Brief Introduction to Ryunosuke Akutagawa’s “The Smiles of Gods”
By the Translator
The period from the Taisho to the early Showa Era (1910-1940s) was a golden age of Japanese literature, when prominent writers, such as Takeo Arishima, Junichiro Tanizaki, Ryunosuke Akutagawa, Atsushi Nakajima, Osamu Dazai, et al. had made efforts to enhance the concept of novels from mere reading matter to art. They were elites who read literature in the highest education organs and were familiar with ancient and modern literature of Europe, Asia and Japan. Ryunosuke Akutagawa himself, born in 1892, had graduated from the Department of Literature, Tokyo Imperial University, in 1916.
Unlike today’s pop-writers who produce million sellers whatever their literary value, they struggled to explore their own genre and establish their own style, and many of them died young in their thirties to forties by intemperance or suicide. Akutagawa killed himself in 1927 at the age of thirty-five by an overdose of barbital. [i] In my personal view, the last writer who inherited such a tradition was Yukio Mishima who ended his life in 1970, dramatically by harakiri, although the reason of his suicide was not the anguish in literature. Sir Kazuo Ishiguro, the 2017 Nobel Laureate who was brought up and educated in England cannot be counted among Japanese writers, even though he was born in Japan to Japanese parents.
Within the thirteen-year period as a writer, Ryunosuke Akutagawa (1892-1927) wrote almost 400 novels, which included about 12 short and long ones classified into Kirishitan-Series. Whilst most of the other works in the same category (including “The death of a disciple (1918)” and “The legend of St. Christophorus (1919)” which were mentioned about in my 2019 Christmas story) had told of the life and event of saints and followers of either Western or Eastern origins, “The smiles of gods” was a unique novel in which a Portuguese Father and an old man (the disguise of a Japanese spirit) debated on the difference between the Christian God and Japanese deities, with a number of citations from the Bible and other Christian books, Greek Myths, ancient Japanese chronicles, Buddhist sutras, etc. I could not but admire the talent of the reputed genius who read numerous books of European, Chinese and old Japanese books in original languages. “The smiles of gods” which I read in a rather recent year was the most difficult novel to read among Akutagawa’s novels.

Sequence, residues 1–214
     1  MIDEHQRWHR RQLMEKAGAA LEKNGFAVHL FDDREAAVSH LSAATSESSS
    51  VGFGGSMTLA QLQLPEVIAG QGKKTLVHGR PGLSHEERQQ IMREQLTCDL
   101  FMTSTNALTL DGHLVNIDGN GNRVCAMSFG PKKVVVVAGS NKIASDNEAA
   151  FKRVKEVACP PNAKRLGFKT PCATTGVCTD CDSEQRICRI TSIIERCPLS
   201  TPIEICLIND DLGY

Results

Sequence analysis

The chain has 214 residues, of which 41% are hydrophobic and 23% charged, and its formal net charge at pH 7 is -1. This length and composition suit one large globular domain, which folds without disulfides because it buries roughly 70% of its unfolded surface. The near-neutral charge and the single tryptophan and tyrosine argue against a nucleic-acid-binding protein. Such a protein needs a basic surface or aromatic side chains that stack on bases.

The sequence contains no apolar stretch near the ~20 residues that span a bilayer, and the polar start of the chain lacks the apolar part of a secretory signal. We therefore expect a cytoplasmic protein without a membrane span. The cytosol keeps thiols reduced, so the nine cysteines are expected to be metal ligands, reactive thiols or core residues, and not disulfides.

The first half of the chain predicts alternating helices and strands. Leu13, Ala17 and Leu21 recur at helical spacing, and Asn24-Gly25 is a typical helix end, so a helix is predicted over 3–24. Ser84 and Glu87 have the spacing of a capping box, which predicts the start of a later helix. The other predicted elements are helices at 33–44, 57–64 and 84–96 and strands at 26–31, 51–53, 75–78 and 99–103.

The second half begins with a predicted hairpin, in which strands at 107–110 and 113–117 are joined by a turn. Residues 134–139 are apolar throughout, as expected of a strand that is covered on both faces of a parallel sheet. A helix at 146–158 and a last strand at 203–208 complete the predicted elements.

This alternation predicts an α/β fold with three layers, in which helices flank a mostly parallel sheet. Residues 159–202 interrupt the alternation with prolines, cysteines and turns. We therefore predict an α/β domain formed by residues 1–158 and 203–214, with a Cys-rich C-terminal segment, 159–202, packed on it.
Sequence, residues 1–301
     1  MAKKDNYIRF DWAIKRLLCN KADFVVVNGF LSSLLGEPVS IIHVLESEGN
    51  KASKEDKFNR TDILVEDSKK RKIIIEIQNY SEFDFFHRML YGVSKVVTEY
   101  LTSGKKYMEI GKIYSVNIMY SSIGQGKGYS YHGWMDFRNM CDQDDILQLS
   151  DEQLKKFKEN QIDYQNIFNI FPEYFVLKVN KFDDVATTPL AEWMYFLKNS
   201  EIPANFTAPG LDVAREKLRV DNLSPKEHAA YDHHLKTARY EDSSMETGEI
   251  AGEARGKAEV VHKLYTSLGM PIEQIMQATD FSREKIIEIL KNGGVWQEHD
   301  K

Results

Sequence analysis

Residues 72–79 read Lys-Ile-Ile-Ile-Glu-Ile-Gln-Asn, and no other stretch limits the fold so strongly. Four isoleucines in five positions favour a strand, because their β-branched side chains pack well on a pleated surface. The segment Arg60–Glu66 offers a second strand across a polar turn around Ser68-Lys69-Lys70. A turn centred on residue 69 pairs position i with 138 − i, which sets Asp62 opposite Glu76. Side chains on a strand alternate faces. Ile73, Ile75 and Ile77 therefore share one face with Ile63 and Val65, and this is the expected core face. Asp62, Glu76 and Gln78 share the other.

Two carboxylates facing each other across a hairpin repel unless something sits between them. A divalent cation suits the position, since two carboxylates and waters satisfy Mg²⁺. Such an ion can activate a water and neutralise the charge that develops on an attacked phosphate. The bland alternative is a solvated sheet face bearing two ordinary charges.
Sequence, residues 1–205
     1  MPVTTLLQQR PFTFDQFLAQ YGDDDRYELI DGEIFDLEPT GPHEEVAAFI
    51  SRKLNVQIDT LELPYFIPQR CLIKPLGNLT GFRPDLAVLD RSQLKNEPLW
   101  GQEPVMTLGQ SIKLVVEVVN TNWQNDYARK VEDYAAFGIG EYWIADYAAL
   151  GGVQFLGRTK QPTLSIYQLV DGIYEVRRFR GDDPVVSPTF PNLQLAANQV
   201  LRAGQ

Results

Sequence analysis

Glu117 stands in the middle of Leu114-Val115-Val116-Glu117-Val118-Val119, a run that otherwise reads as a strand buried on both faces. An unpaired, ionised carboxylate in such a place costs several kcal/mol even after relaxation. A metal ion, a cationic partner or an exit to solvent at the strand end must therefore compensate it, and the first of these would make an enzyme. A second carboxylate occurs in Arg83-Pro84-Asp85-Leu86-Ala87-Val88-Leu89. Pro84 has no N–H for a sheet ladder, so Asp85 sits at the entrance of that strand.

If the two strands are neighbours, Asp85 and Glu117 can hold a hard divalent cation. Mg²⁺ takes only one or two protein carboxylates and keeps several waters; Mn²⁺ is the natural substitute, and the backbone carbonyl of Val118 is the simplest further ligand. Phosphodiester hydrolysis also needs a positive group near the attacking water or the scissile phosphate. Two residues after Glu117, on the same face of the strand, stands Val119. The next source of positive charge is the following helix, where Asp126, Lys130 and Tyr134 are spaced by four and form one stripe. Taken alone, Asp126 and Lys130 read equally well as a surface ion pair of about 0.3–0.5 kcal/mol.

This novel was first issued in January 1922 in “New Novels (新小説)” Vol. 27, No. 1, from the Shunyo-do Publishing Co. (春陽堂). After then, it was republished in May next year in “Shunpuku (春服)” from the same publisher together with 14 other works of the same writer, and in June 1935 in “The collected works of Ryunosuke Akutagawa (芥川龍之介全集), Vol. 4” from the Iwanami Publishing Co. [ii], but the contents of the version in those collected-editions were not the same as those of the original version. Firstly, the title was changed from “The smiles of gods ( 神々の微笑)” to “The smile of “god-god (神神の微笑).” Secondly, the 4th chapter of nearly two thousand letters among 5 chapters in the original version was omitted in the collected-editions. It is certain that these changes were made according either to the writer’s instruction or to the suggestion of some other person, but what were the reasons?
As to the title, they would have thought that “god-god (神神)” was better to represent various kinds of deities rather than the simple plural of “gods (神々)”. The omission of the 4th chapter would have been done because the chapter was thought to be too difficult for readers who lacked prior knowledge.
Another difference was that rubies (phonetic guides) were put on all Chinese characters and phrases in the collected-editions, whereas the rubying was limited to a small number of phrases in the original version. [iii]